NCBA’s Tanner Beymer Voices Concerns with Legislation That Could Weaken Beef Industry

Listen to Ron Hays talk with Tanner Beymer about anti-animal ag legislation and more.

Senior Farm and Ranch Broadcaster, Ron Hays, is back talking with the Senior Director of Government Affairs at the National Cattlemen’s Beef Association, Tanner Beymer about the OFF Act, Farm Bill, changes to the Packers and Stockyards Act, and more.

“That OFF Act is something that just keeps getting introduced like a bad penny,” Beymer said. “Luckily for us, it has never been seriously considered for independent floor action in either the House or the Senate. It is usually an amendment to a Farm Bill.”

Beymer said he does not expect to see a Farm Bill for the remainder of this Congress. In fact, Beymer added he believes it will be 2025 before a completed Farm Bill is seen.

“At the time that happens, there is going to be floor action, and this (OFF Act) will be an amendment to the Farm Bill,” Beymer said. “We are going to have to work closely as all of agriculture to make sure we are pushing back against these false narratives about commodity checkoff programs so we can keep these harmful amendments at bay.”

One piece of the OFF Act is the prohibition of any lobbying ties to groups that may be associated with the Beef Checkoff.

“That is very transparently aimed at NCBA, since we do have the policy and federation divisions and that big firewall between them to make sure there is no co-mingling of funds and resources,” Beymer said. “We are not the only organization in agriculture that is structured like that. It is very narrow and short-sided because that would also apply to subcontractors as well.”

Beymer said there are already bans in place to prohibit Checkoff funds from being used to influence public policy, so it is not necessary to add further complications into the mix that are designed to decrease the efficacy of the Beef Checkoff.

Beymer discussed the latest Packers and Stockyards Rule from the Biden administration and how it will impact the industry.

Formerly known as the GIPSA rules, the fairness rules within the Packers and Stockyards Act are being rolled out as separate rules. The first and second rules have already been released, and a third is now in the pipeline and may be on the way in 2024.

“That second one is called Exclusive Competition and Market Integrity under the Packers and Stockyards Act, and it is really kind of designed to make sure that packers or other regulated entities are not discriminating against producers on the basis of age, race, sexual orientation…,” Beymer said.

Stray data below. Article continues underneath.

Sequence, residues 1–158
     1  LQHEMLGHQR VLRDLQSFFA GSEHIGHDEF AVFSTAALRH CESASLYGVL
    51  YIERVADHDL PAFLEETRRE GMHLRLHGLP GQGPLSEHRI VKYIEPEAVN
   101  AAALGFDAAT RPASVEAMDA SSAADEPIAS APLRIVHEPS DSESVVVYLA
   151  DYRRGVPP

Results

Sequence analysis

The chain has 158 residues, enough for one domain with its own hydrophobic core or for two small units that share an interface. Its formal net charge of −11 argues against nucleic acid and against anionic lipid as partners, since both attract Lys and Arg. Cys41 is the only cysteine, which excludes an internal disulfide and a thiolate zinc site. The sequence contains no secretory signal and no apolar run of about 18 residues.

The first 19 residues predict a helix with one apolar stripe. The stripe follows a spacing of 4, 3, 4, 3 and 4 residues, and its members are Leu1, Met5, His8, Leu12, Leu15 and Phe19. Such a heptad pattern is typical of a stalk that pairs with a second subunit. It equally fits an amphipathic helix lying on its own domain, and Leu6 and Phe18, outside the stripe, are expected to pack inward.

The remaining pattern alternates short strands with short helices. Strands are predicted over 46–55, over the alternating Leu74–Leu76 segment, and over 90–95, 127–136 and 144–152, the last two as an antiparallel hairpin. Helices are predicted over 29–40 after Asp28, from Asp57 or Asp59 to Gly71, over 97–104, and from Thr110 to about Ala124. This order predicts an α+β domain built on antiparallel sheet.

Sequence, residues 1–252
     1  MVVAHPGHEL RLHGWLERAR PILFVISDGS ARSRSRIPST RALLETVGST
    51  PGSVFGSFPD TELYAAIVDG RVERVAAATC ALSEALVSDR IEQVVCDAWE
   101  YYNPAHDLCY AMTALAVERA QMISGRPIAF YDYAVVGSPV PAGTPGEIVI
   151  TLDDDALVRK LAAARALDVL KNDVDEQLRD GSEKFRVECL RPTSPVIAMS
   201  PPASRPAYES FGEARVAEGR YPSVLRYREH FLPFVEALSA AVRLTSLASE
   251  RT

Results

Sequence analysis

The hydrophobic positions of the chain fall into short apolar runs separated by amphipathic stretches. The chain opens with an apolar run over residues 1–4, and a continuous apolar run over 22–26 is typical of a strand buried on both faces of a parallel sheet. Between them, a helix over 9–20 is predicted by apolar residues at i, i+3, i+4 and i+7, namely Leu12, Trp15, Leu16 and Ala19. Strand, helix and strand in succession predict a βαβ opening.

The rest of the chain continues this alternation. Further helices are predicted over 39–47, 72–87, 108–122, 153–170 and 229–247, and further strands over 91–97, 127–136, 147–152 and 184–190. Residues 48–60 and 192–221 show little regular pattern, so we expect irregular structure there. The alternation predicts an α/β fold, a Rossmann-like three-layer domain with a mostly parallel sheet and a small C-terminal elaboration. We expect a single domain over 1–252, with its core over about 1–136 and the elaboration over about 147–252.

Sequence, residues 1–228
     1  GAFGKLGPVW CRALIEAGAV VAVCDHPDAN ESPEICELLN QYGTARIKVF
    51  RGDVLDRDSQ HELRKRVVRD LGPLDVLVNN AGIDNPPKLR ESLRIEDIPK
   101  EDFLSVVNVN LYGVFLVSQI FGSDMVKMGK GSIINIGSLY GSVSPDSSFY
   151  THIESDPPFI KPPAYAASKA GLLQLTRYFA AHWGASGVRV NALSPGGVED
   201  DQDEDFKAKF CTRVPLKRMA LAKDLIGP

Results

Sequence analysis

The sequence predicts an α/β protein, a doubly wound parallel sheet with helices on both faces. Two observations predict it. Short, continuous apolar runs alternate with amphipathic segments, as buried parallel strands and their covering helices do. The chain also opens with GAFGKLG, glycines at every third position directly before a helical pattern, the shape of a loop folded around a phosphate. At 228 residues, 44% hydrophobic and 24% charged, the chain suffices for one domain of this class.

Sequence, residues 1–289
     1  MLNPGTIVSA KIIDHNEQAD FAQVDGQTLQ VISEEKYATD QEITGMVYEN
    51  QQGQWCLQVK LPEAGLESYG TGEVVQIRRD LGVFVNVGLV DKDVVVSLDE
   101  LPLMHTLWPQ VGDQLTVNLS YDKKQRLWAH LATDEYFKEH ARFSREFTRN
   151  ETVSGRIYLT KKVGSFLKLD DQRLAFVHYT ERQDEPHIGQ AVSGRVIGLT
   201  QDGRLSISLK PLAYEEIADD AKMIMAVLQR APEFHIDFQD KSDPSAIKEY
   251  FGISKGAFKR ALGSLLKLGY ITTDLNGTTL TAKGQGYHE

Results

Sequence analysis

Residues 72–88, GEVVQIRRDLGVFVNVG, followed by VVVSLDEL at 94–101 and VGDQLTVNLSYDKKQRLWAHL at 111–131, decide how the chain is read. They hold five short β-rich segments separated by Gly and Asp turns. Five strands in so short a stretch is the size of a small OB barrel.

The first issue with this second rule, Beymer said, is that discrimination is already illegal.

“We definitely don’t like the rule,” Beymer said. “We have some serious concerns with it’s eventual effects on the overarching harm to competition standard, but it is not nearly as scary as it was when it came out.”

Beymer said the third part of this rule, which is expected to completely roll back the harm to competition standard, is at the Office of Management and Budget at the White House awaiting review right. Therefore, Beymer said the rule could come out in its proposed form in the next six to eight weeks.

“Based on the summaries that are available online right now, I can tell you that NCBA will be very opposed to it, and we are going to be pursuing every opportunity at our disposal to prohibit that from taking final effect,” Beymer said.

To listen to Ron Hays talk with NCBA’s Ethan Lane about the Biden Administration’s changes to the Packers and Stockyards rules, CLICK HERE.

The Beef Buzz is a regular feature heard on radio stations around the region on the Radio Oklahoma Ag Network and is a regular audio feature found on this website as well. Click on the LISTEN BAR at the top of the story for today’s show and check out our archives for older Beef Buzz shows covering the gamut of the beef cattle industry today.

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